During ancient times, pre-Buddhistic Sinhalese marriage laws and customs would have been similar to those prescribed in the laws of Manu (Manava - Dharma - Sastra) written in North India sometime between the 3rd century B.C.-1st century A.C. The work, which is a compilation of the traditions of the ancient Indo-Aryan Hindus reflects a rigid patriarchal society with extended family households.
[...] With the advent of Buddhism to the island during the 3rd century B.C., we may presume that the legal position of women underwent a significant improvement. [...] There were of course a number of [...] conditions that had to be fulfilled, before a marriage could be contracted. Besides parental consent the parties to the marriage had to (1) belong to the same caste, (2) they were not to be related within the prohibited degrees of relationship and (3) they had to have the intention of forming a definite alliance.
[...] Kandyan law also prohibited marriages between close relatives. This included a man"s daughter (duva), sister (sahodari; this included the daughter of one's father's brother or one's mother's sister) and nenda (paternal aunt), though he could marry his niece (leli) and maternal aunts (loku-amma, kudamma).
For a marriage to be valid, the parties also had to have the intention of forming a marital union. This was due to the fact that in Kandyan society, sexual morality hardly ever mattered and polygyny (a man taking more than one wife), polyandry (a woman taking more than one husband) and concubinage were all recognised as legal. Group marriages and trial marriages were also commonplace.
Furthermore, Buddhism saw to it that marriage in Sinhalese society became a secular contract and not a rigid sacrament as in Hindu law, so that marriage itself had "little force or validity" as noted by Knox. Says Knox, "In this country, even the greatest hath but one wife, but a woman often has two husbands."
The polyandry practiced in Kandyan times was usually of the fraternal type and was known by the euphemism eka-ge-kama (lit. eating in one house). Joao Riberio (1685) says of the Sinhalese during the time of Portugues rule (17th century): "A girl makes a contract to marry a man of her own caste (for she cannot marry outside it), and if the relatives are agreeable they give a banquet and unite the betrothed couple. The next day a brother of the husband takes his place, and if there are seven brothers she is the wife of all of them, distributing the nights by turns, without the husband having a greater right than any of his brothers. [...] [T]he woman who is married to a husband with a large number of brothers is considered very fortunate, for all toil and cultivate for her and bring whatever they earn to the house, and she lives much honoured and well supported and for this reason the children call all the brothers their fathers."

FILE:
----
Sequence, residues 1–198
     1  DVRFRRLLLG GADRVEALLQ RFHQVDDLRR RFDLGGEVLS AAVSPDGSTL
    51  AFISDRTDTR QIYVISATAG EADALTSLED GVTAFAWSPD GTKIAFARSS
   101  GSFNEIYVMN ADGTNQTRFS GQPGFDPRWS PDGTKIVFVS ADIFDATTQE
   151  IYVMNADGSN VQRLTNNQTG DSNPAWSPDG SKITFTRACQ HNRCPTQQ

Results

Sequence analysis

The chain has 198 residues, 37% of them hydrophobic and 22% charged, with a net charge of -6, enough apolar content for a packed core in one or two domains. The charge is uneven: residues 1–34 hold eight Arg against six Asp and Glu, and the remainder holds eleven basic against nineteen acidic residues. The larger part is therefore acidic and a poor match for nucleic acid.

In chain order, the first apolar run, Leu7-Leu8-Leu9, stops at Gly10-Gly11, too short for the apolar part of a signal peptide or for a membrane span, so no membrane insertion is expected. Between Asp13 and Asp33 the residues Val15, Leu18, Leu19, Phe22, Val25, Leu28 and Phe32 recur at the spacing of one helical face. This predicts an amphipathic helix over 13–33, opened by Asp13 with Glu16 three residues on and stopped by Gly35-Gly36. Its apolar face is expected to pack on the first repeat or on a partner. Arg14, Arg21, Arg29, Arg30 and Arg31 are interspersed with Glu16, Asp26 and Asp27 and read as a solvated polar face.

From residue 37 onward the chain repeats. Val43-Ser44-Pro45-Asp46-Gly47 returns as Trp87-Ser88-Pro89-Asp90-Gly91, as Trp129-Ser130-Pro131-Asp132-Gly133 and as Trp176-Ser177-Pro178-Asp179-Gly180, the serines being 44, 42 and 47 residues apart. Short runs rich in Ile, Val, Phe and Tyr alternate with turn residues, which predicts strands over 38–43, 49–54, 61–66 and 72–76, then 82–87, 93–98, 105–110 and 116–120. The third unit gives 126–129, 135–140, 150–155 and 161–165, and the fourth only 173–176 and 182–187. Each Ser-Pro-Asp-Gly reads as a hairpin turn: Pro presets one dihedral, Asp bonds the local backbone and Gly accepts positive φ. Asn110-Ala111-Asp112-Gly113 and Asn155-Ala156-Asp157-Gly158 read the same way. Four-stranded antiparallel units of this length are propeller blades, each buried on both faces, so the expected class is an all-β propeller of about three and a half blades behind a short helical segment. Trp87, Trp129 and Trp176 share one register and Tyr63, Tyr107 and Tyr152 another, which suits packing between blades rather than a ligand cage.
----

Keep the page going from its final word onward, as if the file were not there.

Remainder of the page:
[...] There also existed group marriages, where the brothers of one family jointly entered into matrimony with the sisters of another. Polygyny and polyandry however did not find favour with the British who saw to its abolition by means of the Kandyan marriage ordinance of 1859.
Trial marriages were also common among the Kandyans. Davy (Account of the interior of Ceylon 1821) says that the first fortnight of the bride's cohabitation with her husband was a period of trial at the end of which the marriage was either annulled or confirmed.
[...] Divorce, as might be expected of such a promiscuous society, was very easy. Kandyan law recognised that either men or women may dissolve the marriage tie at their will and pleasure. Says Knox, "Both women and men do commonly wed four or five times before they can settle themselves to their contentation."
[...] Kandyan law recognised two forms of marriage, namely, diga marriage and binna marriage. In diga marriage, the woman went to live in her husband's house and gave up her claims to the parental estate. This was the usual mode of marriage among the Kandyans. Binna marriage was a marriage where the husband contracted to go and live in the wife's house. Such a marriage necessarily entailed the husband being subject to a "petticoat government", for the wife was the head of the house, a virtual matriarch. It is said to have been a marriage "contracted with a wink and ended by a kick".
According to Knox, there existed certain lands in Kandy known as bini-pangu that were hereditary through the female line. He says "Younger sons of other families, when grown up, the elder brothers having all the land, they marry these women that have lands. A man in this case only differs from a servant in laying with his mistress for she will bear rule and he no longer then willing to obey can continue but she will turn him away at her pleasure."
[...] Binna marriage would have been a convenient arrangement by which means readily available male labour could be obtained for running a girl's parents' estate in case they had no male offspring. Such an arrangement would have also served to help a woman look after her aged parents in the comfort of their home. Binna marriages are still recognised in the Kandyan districts.